The most recommended books on American Indian boarding schools

Who picked these books? Meet our 3 experts.

3 authors created a book list connected to the American Indian boarding schools, and here are their favorite American Indian boarding schools books.
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Book cover of They Called It Prairie Light: The Story of Chilocco Indian School

Farina King Author Of The Earth Memory Compass: Diné Landscapes and Education in the Twentieth Century

From my list on U.S. Indian boarding school experiences.

Who am I?

My Diné (Navajo) family stories drew me into history including studies of Indigenous experiences in boarding schools. Two of my uncles were Navajo Code Talkers, and I loved asking them about their life stories. My uncle Albert Smith often spoke about his memories of the war. I was struck by the irony that he was sent to a boarding school as a child where the Navajo language was forbidden, and then he later relied on the language to protect his homelands. I then became interested in all my relatives' boarding school stories, including those of my father, which led me to write my first book The Earth Memory Compass about Diné school experiences. 

Farina's book list on U.S. Indian boarding school experiences

Farina King Why did Farina love this book?

As soon as I read Lomawaima’s They Called it Prairie Light, I knew that I wanted to work with oral history among my Diné relatives and Native American communities to better understand their voices and perspectives of Indian boarding schools. Lomawaima’s book brought together oral histories and stories that she gathered from her father and relationships that she sustained with former boarding school students of the Chilocco Indian School. She offers a platform for boarding school students to tell their own stories; and, most importantly, she exemplified how to do such significant work.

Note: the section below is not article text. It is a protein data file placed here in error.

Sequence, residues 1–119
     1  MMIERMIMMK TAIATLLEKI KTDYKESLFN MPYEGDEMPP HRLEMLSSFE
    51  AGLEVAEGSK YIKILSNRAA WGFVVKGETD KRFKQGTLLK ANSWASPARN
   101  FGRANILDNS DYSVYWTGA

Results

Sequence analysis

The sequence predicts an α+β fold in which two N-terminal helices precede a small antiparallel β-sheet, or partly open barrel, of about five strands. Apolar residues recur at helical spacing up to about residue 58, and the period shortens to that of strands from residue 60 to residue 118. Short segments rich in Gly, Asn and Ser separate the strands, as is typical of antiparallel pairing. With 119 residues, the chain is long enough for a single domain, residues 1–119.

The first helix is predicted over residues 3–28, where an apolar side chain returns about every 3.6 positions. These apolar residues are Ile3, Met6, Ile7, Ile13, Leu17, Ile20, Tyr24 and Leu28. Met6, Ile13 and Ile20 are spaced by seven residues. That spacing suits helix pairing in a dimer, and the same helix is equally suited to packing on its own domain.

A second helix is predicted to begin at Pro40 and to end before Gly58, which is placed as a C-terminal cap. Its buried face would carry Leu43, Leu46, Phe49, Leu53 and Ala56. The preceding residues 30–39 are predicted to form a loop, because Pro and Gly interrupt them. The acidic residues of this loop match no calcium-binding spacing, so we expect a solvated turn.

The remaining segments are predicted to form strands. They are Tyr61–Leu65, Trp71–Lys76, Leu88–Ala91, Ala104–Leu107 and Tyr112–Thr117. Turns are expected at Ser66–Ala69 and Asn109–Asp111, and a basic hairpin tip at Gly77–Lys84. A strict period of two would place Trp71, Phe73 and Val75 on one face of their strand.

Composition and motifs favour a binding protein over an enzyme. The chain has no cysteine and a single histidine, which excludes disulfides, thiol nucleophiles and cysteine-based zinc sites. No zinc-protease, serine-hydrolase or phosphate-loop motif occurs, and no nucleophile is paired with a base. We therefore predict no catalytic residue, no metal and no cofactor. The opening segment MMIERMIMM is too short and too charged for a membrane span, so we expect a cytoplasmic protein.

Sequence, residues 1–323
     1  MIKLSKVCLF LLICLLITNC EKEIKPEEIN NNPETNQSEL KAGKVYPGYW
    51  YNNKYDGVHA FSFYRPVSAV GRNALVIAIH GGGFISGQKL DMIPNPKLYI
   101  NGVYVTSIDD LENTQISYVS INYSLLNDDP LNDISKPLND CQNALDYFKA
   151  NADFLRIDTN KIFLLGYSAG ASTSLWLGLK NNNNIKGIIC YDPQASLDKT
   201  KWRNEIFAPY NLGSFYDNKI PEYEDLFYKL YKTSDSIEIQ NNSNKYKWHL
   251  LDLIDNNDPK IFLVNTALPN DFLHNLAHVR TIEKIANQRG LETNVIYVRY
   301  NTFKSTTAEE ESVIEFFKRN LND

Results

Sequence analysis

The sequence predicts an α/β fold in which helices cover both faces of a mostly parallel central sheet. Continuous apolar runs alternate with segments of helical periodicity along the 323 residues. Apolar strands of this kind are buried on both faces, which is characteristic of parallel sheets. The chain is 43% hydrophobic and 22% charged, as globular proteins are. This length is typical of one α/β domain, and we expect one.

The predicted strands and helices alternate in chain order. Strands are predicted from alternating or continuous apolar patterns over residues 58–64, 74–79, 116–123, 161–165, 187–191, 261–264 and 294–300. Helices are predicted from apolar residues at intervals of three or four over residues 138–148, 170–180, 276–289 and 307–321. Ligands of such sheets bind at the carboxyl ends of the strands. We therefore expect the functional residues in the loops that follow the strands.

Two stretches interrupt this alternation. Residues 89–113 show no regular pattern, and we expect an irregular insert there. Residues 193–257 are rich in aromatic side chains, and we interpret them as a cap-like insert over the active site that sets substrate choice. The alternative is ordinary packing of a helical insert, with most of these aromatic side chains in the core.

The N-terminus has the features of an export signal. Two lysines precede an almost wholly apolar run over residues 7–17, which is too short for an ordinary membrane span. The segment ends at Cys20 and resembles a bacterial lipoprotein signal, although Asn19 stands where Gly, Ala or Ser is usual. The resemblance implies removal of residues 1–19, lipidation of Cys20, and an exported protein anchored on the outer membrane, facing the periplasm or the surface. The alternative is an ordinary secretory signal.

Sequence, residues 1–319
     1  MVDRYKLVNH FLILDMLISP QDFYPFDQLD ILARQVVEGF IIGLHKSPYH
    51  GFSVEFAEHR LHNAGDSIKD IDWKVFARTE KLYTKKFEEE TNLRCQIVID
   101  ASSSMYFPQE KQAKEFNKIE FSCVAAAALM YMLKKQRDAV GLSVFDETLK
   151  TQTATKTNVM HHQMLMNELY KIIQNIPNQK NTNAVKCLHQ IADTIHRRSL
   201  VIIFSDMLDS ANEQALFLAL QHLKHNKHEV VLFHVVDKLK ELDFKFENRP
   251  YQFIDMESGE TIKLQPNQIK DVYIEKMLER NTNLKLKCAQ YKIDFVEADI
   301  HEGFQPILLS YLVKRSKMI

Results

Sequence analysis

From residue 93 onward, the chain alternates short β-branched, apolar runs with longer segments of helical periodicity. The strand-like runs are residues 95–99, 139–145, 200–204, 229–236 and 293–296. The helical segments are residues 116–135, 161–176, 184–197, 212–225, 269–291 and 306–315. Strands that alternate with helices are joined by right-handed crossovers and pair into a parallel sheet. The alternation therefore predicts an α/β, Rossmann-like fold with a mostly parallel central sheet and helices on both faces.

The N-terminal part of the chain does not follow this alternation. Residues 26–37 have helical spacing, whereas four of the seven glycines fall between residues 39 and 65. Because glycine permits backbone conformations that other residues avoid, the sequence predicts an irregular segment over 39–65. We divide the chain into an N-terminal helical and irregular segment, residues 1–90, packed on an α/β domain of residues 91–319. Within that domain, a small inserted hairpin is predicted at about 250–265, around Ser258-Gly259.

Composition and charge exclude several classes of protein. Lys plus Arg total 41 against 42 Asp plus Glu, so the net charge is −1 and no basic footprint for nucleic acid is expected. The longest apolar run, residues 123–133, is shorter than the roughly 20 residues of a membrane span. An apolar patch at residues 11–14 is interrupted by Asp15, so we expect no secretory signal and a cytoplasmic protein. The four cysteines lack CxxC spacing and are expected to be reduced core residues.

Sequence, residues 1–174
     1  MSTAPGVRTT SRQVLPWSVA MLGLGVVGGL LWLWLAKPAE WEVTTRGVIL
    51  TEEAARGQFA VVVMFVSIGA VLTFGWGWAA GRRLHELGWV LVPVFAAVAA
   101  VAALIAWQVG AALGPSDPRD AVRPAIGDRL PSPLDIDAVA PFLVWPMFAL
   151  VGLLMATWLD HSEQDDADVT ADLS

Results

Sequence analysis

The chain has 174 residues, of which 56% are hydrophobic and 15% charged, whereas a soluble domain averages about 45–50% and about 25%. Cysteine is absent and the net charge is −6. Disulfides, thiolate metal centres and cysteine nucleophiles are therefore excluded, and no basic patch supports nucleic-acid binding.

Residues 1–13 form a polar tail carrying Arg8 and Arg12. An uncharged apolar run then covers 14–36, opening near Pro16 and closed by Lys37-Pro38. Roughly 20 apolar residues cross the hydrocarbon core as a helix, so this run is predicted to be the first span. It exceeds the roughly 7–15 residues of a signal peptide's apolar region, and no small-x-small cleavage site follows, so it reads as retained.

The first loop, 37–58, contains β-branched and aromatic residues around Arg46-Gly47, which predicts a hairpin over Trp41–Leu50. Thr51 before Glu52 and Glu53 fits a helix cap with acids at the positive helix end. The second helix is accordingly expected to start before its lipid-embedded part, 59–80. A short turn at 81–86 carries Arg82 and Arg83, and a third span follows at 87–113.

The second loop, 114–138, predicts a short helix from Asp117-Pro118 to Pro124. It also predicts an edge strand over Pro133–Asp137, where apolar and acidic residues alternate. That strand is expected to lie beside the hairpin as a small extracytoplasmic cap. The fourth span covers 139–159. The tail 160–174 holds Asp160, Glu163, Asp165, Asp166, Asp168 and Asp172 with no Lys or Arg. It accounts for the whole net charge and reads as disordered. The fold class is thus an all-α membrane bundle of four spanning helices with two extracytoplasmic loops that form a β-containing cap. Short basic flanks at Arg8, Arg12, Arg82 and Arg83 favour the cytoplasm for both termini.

By K. Tsianina Lomawaima,

Why should I read it?

1 author picked They Called It Prairie Light as one of their favorite books, and they share why you should read it.

What is this book about?

Established in 1884 and operative for nearly a century, the Chilocco Indian School in Oklahoma was one of a series of off-reservation boarding schools intended to assimilate American Indian children into mainstream American life. Critics have characterized the schools as destroyers of Indian communities and cultures, but the reality that K. Tsianina Lomawaima discloses was much more complex.

Lomawaima allows the Chilocco students to speak for themselves. In recollections juxtaposed against the official records of racist ideology and repressive practice, students from the 1920s and 1930s recall their loneliness and demoralization but also remember with pride the love and mutual…


Book cover of Boarding School Seasons: American Indian Families, 1900-1940

Farina King Author Of The Earth Memory Compass: Diné Landscapes and Education in the Twentieth Century

From my list on U.S. Indian boarding school experiences.

Who am I?

My Diné (Navajo) family stories drew me into history including studies of Indigenous experiences in boarding schools. Two of my uncles were Navajo Code Talkers, and I loved asking them about their life stories. My uncle Albert Smith often spoke about his memories of the war. I was struck by the irony that he was sent to a boarding school as a child where the Navajo language was forbidden, and then he later relied on the language to protect his homelands. I then became interested in all my relatives' boarding school stories, including those of my father, which led me to write my first book The Earth Memory Compass about Diné school experiences. 

Farina's book list on U.S. Indian boarding school experiences

Farina King Why did Farina love this book?

Child draws strong connections between boarding schools and Native American communities and families through generations in ways that are accessible and clear-cut for every reader. Her work delves into sources that other scholars overlooked such as letters between boarding school students and families. One of the greatest takeaways from Child’s book and other related studies that I also recommend is how boarding school legacies and impacts continue into the present, affecting not only the boarding school students but also their posterity and American society at large.

By Brenda J. Child,